Date:                         10 April 2014

Embargo:                  None

Issued by:                 EC LGBTI Organisation

Contact person:        Zama Mzimela (EC LGBTI Organisation Chairperson)

Contact number:      083 354 8091



The homophobic Port Elizabeth branch of Home Affairs has once again flouted the constitutional rights of same-sex couples. This branch is now notorious for refusing to marry gay and lesbian couples. There is a pattern. The branch refuses to conduct a civil union;  then, when the story hits the media, there is a profuse apology from management and an undertaking to conduct the ceremony. Then, a year later… the same thing happens again.


The ECLGBTI (Eastern Cape Lesbian Gay Bisexual Transgender Intersex) Organisation has been informed by Lance Ledingham that he was turned away from the PE office of Home Affairs two weeks ago when seeking to set a date for a civil union. He was apparently told by an abrupt official that same-sex marriages are not offered at that branch, nor are they offered at other branches. 

A Home Affairs marriage officer may, in writing, inform the Minister that he or she objects on the ground of conscience, religion and belief to solemnising a civil union between persons of the same sex, whereupon that marriage officer can not be compelled to do so. It is, however, the Department’s responsibility to ensure that a marriage officer is available at the branch who is willing to conduct same-sex unions, or alternatively, arrange for a marriage office from another branch to travel to that branch to conduct the ceremony.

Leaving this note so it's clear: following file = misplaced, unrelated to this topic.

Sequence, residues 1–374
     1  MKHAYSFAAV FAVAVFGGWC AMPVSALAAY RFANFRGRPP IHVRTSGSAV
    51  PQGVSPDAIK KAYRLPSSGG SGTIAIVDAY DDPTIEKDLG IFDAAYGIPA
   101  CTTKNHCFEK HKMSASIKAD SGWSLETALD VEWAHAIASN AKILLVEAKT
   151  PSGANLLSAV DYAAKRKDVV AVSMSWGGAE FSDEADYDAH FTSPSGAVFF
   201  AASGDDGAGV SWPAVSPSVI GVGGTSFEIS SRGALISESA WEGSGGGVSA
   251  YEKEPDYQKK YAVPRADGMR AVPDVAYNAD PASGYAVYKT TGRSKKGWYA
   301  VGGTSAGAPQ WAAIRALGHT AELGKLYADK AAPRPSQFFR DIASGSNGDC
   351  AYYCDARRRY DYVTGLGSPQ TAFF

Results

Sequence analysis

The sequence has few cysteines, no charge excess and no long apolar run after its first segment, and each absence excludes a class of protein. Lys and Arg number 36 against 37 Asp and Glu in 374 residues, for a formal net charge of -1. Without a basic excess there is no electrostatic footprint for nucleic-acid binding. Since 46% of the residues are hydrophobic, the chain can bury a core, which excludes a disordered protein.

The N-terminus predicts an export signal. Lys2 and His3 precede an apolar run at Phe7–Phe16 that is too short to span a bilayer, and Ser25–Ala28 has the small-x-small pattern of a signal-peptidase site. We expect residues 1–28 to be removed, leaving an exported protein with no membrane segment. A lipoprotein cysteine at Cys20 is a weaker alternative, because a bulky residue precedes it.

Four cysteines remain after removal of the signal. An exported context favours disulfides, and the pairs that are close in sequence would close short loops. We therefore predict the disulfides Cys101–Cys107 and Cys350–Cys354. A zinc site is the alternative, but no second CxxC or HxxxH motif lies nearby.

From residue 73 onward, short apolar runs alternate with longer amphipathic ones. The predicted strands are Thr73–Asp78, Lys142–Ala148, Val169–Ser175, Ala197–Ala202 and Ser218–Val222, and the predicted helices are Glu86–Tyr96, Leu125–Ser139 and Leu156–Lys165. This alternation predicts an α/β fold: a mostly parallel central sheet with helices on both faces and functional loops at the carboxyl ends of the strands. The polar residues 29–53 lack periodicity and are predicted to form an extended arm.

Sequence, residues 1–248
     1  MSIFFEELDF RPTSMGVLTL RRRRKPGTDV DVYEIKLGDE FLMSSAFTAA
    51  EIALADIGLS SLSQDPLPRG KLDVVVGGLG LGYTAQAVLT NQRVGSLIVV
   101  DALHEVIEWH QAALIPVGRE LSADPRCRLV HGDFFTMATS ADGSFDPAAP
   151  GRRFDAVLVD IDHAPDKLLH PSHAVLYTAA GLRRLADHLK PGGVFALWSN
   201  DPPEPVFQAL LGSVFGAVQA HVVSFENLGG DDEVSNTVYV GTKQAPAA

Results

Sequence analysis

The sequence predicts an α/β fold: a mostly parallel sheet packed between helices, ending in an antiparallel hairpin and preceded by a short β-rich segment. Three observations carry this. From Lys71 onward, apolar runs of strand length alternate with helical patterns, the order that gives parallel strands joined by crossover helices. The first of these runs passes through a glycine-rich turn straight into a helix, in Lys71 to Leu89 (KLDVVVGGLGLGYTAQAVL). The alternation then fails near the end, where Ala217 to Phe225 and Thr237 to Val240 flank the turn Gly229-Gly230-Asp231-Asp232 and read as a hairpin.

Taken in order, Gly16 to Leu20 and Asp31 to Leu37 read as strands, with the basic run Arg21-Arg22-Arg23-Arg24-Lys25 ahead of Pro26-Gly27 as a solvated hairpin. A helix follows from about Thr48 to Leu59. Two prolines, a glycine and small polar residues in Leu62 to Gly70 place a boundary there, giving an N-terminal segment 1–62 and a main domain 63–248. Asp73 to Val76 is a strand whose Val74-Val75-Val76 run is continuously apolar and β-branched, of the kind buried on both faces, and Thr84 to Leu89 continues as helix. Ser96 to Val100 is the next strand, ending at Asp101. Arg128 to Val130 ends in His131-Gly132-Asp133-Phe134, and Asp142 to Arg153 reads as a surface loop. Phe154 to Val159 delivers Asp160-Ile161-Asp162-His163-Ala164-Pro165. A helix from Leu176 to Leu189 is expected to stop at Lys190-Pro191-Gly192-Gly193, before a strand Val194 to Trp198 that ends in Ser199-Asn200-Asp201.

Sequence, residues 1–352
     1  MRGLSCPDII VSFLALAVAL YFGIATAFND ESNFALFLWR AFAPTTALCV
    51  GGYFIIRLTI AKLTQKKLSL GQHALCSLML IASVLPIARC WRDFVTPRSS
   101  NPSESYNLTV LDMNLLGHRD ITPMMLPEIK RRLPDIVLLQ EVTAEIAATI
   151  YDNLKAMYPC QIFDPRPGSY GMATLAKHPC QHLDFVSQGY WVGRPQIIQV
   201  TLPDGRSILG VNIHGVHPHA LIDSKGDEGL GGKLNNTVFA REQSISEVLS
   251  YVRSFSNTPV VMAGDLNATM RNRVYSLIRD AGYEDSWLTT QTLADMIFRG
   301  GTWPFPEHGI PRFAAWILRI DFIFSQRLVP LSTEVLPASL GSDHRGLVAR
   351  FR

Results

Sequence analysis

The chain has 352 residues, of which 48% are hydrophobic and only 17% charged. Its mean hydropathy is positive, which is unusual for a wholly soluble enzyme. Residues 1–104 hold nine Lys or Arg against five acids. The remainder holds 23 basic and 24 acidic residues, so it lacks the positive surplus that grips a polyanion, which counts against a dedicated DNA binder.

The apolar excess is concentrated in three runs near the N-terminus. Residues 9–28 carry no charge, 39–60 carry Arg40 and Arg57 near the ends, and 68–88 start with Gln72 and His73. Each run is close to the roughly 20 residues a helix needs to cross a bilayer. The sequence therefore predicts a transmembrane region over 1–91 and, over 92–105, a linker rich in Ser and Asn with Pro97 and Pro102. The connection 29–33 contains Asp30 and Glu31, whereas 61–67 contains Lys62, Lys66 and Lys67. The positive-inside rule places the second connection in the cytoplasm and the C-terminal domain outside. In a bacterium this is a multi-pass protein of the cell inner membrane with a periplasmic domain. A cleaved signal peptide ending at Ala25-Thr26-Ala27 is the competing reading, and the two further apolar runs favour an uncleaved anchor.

The EC LGBTI Organisation rejects this provision in the Civil Union Act. If an individual has a moral objection to same-sex marriages, such person should not be employed by the state as a marriage officer.  Our constitution is clear: no-one may be unfairly discriminated against on grounds of sexual orientation. Government officials should not be able to pick and choose what human rights they are prepared to accept.  Imagine if a home affairs official refused, because of his or her own prejudices, to marry an inter-racial couple – there would be a national outcry. There needs to be a change to the law, as well as a change in attitude by the Department of Home Affairs at every level.


The ECLGBTI does not have words to express our outrage. Donovan Wynne and Michael Cronje were turned away from the same office in August 2011.  And Kevin de Lange and Cobus Steyn, in June 2013.


After Kevin de Lange alerted ECLBTI Org of his experience in June last year, we were in telephonic contact with the Regional Manager for the Department of Home Affairs, Mr Sibongiseni Biyase, who assured us of three things: (1) Kevin and his partner would be contacted by the Department, an apology offered,  and a ceremony conducted at their convenience, (2) the management responsible for the matter would be disciplined and (3) mechanisms would be put in place to ensure that this would not happen again.


Nine months later it has happened again.


Clearly there is a problem in Port Elizabeth. We can’t believe that managers at that office are not aware of the provisions of the Civil Union Act, given that the matter has been in the media twice before. The only conclusion that we can draw is that their flagrant disregard for the law is sanctioned from on high.


The ECLGBTI Organisation will be writing to the Minister for Home Affairs to demand that the management at the Port Elizabeth branch be suspended. We will demand that competent, progressive individuals employed who will provide services to ALL South Africans, without prejudice.


We urge everyone, the LGBTI community and straight people, to stand together against homophobia in all its forms.